Institutional Trading Motives and the Role of Brokers




Journal Title

Journal ISSN

Volume Title



This dissertation consists of two essays in financial economics. Two essays are in the areas of institutional investors and market mircrostructure. The first essay, included in Chapter 2, studies order submission strategies by institutional investors when trading on private information. By merging institutional daily transactions with original/confidential 13F filings, I separate informed trades from uninformed ones. Informed large orders tend to be split across more brokers and over more days. While same brokers tend to work uninformed large orders over multiple days, the brokers who facilitated early parts of broken-up informed orders rarely receive the remaining parts of the same orders on later days. Institutional investors also provide camouflage for their informed orders by mixing an informed order with other uninformed orders simultaneously sent to the same broker. As a result, a higher degree of shuffling a portfolio of orders is associated with a larger share of informed trading volume. The splitting and shuffling strategies designed to conceal informed trades from brokers and other market participants tend to lower institutional trading costs, especially on informed orders. The second essay, included in Chapter 3 and co-authored with Sanghyun (Hugh) Kim and Vikram Nanda, investigates how institutional brokerage networks of mutual funds can affect their trading performance, especially as measured by the return gap. We argue that institutional brokerage networks facilitate liquidity provision and mitigate price impact of large non-information motivated trades. Using commission payments, we map trading networks of mutual funds and brokers. We find central funds outperform peripheral funds, especially as measured by return gap. The outperformance is more pronounced when trading is primarily liquidity-driven. The centrality premium is strengthened by brokers’ incentives to generate greater revenues and their repeated interactions with funds. By merging daily transactions with quarterly holdings, we confirm that centrality premium is driven by reduced trading costs, rather than higher interim (intra-quarter) trading performance or profitable information from brokers.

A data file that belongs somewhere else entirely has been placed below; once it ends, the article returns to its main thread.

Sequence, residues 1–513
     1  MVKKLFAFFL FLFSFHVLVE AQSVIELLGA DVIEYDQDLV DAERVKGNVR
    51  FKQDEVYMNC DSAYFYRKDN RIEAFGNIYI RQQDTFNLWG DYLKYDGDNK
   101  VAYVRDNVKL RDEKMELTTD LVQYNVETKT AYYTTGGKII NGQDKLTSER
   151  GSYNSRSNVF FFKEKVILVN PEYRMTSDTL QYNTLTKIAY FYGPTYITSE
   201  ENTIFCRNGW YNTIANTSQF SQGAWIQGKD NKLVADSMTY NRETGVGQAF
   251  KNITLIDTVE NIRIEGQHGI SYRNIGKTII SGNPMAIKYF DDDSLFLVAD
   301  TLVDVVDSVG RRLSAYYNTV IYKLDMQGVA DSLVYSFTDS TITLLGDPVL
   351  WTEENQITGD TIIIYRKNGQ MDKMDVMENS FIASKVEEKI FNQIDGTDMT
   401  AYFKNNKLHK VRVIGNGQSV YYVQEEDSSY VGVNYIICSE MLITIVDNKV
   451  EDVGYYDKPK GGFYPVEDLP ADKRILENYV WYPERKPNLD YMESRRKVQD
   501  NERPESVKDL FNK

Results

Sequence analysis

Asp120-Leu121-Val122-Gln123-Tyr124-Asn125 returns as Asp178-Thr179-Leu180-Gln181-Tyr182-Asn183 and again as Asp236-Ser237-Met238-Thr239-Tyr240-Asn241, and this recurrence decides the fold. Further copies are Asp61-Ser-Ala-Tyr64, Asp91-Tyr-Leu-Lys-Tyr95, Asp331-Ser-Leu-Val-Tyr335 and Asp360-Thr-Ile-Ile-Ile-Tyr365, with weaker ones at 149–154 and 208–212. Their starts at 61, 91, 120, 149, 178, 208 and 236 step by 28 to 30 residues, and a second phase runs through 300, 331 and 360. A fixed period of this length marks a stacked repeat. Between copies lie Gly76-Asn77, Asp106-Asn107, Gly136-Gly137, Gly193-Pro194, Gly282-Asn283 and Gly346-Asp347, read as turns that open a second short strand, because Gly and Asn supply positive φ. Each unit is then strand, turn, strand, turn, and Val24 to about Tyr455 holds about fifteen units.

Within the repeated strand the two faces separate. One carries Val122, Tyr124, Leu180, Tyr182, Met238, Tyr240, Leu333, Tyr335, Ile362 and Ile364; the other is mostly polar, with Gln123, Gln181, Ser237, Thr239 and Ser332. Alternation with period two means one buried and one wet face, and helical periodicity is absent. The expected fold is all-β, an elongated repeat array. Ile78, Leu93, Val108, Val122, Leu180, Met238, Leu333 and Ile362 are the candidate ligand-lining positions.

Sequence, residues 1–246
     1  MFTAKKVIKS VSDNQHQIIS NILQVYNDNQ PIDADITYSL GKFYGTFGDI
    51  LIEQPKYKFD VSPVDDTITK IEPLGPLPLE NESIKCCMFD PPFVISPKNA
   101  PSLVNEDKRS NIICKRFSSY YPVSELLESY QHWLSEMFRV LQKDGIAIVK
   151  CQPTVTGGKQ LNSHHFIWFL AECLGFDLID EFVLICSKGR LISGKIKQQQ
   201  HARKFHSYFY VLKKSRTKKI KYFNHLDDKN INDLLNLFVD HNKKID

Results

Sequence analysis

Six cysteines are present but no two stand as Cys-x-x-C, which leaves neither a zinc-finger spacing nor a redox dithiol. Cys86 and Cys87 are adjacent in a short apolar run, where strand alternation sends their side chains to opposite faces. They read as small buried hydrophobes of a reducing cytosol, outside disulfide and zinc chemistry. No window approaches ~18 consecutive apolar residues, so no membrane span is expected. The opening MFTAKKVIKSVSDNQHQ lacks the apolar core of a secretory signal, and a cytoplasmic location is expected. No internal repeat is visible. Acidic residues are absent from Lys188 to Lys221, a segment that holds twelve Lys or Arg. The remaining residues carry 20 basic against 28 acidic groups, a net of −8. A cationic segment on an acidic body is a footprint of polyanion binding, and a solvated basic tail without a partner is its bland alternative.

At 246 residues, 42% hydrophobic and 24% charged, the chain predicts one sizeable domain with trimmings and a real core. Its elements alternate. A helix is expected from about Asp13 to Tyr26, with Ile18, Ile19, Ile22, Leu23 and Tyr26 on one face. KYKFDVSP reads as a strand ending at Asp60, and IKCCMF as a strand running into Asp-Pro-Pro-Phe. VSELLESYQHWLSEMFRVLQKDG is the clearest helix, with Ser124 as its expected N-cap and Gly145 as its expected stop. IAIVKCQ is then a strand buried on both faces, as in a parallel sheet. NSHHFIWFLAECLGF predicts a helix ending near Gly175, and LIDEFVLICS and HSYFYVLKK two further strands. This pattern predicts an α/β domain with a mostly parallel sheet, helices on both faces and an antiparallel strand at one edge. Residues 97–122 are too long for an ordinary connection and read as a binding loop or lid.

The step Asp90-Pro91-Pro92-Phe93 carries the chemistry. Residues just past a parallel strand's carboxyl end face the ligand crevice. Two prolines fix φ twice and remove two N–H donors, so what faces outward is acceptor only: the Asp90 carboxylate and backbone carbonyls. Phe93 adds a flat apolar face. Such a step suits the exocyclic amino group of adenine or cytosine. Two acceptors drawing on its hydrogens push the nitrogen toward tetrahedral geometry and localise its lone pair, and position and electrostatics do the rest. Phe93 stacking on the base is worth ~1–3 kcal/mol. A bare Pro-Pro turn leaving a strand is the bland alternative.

Brokers, Information services, Business brokerage, Liquidity (Economics), Floor traders (Finance)


©2020 Munhee Han. All rights reserved.